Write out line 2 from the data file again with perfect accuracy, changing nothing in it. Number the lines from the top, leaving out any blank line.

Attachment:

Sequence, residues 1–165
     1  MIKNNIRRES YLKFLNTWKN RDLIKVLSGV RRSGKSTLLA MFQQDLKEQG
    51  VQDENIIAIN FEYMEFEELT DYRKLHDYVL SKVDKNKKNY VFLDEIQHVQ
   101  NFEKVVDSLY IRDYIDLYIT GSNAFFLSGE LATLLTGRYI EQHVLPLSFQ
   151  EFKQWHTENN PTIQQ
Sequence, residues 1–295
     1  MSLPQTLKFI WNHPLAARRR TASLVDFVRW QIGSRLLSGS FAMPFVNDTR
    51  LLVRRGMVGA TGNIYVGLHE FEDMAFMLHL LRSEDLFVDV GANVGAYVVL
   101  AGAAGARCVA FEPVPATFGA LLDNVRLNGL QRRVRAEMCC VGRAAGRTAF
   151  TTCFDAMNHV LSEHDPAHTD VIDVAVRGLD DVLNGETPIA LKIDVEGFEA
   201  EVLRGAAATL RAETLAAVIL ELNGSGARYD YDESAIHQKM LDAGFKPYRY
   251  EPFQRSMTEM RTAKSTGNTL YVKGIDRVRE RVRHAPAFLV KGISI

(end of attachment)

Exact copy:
     1  MIKNNIRRES YLKFLNTWKN RDLIKVLSGV RRSGKSTLLA MFQQDLKEQG